Missense variants in ATM in 26,101 breast cancer cases and 29,842 controls

Olivia Fletcher, Nichola Johnson, Isabel dos Santos Silva, Nick Orr, Alan Ashworth, Heli Nevanlinna, Tuomas Heikkinen, Kristiina Aittomäki, Carl Blomqvist, Barbara Burwinkel, Claus R Bartram, Alfons Meindl, Rita K Schmutzler, Angela Cox, Ian Brock, Graeme Elliott, Malcolm W R Reed, Melissa C Southey, Letitia Smith, Amanda B SpurdleJohn L Hopper, Fergus J Couch, Janet E Olson, Xianshu Wang, Zachary Fredericksen, Peter Schürmann, Regina Waltes, Michael Bremer, Thilo Dörk, Peter Devilee, Christie J van Asperen, Rob A E M Tollenaar, Caroline Seynaeve, Per Hall, Kamila Czene, Keith Humphreys, Jianjun Liu, Shahana Ahmed, Alison M Dunning, Melanie Maranian, Paul D P Pharoah, Georgia Chenevix-Trench, Jonathan Beesley, Natalia V Bogdanova, Natalia N Antonenkova, Iosif V Zalutsky, Hoda Anton-Culver, Argyrios Ziogas, Hiltrud Brauch, Yon-Dschun Ko, kConFab Investigators

Research output: Contribution to journalArticle

25 Citations (Scopus)

Abstract

BACKGROUND: Truncating mutations in ATM have been shown to increase the risk of breast cancer but the effect of missense variants remains contentious.

METHODS: We have genotyped five polymorphic (minor allele frequency, 0.9-2.6%) missense single nucleotide polymorphisms (SNP) in ATM (S49C, S707P, F858L, P1054R, and L1420F) in 26,101 breast cancer cases and 29,842 controls from 23 studies in the Breast Cancer Association Consortium.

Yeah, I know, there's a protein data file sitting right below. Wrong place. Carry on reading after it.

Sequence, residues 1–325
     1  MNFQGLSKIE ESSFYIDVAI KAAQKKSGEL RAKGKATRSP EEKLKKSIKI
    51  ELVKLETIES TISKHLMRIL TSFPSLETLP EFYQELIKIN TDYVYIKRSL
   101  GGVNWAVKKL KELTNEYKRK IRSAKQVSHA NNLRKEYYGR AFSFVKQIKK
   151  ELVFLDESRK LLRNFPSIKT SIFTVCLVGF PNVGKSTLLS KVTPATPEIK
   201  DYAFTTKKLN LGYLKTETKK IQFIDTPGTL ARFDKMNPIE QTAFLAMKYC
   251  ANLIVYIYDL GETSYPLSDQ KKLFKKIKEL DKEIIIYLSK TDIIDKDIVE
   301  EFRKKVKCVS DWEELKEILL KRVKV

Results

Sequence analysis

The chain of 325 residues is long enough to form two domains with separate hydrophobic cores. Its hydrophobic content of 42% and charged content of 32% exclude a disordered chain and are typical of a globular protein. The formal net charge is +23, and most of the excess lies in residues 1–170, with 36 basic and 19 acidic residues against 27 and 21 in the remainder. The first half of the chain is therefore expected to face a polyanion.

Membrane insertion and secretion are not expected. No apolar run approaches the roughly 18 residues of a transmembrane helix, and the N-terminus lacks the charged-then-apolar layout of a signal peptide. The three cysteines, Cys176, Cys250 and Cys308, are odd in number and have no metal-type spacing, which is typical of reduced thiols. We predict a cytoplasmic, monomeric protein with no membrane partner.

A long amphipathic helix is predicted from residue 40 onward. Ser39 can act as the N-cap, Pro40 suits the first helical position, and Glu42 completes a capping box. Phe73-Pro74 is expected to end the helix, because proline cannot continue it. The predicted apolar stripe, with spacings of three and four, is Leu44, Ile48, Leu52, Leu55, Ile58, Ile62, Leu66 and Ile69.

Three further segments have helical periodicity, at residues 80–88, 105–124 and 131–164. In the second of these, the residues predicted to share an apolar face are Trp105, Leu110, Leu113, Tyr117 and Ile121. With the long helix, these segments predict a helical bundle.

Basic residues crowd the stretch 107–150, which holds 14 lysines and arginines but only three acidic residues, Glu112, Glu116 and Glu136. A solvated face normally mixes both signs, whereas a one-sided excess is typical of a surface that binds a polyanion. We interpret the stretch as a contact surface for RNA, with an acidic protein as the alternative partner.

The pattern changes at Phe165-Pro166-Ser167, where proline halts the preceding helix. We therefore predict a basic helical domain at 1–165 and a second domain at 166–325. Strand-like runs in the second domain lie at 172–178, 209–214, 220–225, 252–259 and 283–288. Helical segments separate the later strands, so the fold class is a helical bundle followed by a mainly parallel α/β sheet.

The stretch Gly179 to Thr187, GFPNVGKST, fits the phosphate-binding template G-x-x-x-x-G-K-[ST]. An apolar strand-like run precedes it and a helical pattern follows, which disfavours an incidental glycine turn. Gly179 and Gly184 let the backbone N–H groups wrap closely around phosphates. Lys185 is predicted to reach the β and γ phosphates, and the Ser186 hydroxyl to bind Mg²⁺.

RESULTS: Combining the data from all five SNPs, the odds ratio (OR) was 1.05 for being a heterozygote for any of the SNPs and 1.51 for being a rare homozygote for any of the SNPs with an overall trend OR of 1.06 (P(trend) = 0.04). The trend OR among bilateral and familial cases was 1.12 (95% confidence interval, 1.02-1.23; P(trend) = 0.02).

CONCLUSIONS: In this large combined analysis, these five missense ATM SNPs were associated with a small increased risk of breast cancer, explaining an estimated 0.03% of the excess familial risk of breast cancer.

IMPACT: Testing the combined effects of rare missense variants in known breast cancer genes in large collaborative studies should clarify their overall contribution to breast cancer susceptibility.

Original languageEnglish
Pages (from-to)2143-51
Number of pages9
JournalCancer Epidemiology Biomarkers & Prevention
Volume19
Issue number9
DOIs
Publication statusPublished - Sep 2010

Keywords

  • Ataxia Telangiectasia Mutated Proteins
  • Breast Neoplasms
  • Case-Control Studies
  • Cell Cycle Proteins
  • DNA Mutational Analysis
  • DNA-Binding Proteins
  • Female
  • Genetic Predisposition to Disease
  • Genotype
  • Humans
  • Mutation, Missense
  • Polymorphism, Single Nucleotide
  • Protein-Serine-Threonine Kinases
  • Risk Factors
  • Tumor Suppressor Proteins
  • Journal Article
  • Research Support, N.I.H., Extramural
  • Research Support, Non-U.S. Gov't
  • Research Support, U.S. Gov't, Non-P.H.S.

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    Fletcher, O., Johnson, N., dos Santos Silva, I., Orr, N., Ashworth, A., Nevanlinna, H., Heikkinen, T., Aittomäki, K., Blomqvist, C., Burwinkel, B., Bartram, C. R., Meindl, A., Schmutzler, R. K., Cox, A., Brock, I., Elliott, G., Reed, M. W. R., Southey, M. C., Smith, L., ... kConFab Investigators (2010). Missense variants in ATM in 26,101 breast cancer cases and 29,842 controls. Cancer Epidemiology Biomarkers & Prevention, 19(9), 2143-51. https://doi.org/10.1158/1055-9965.EPI-10-0374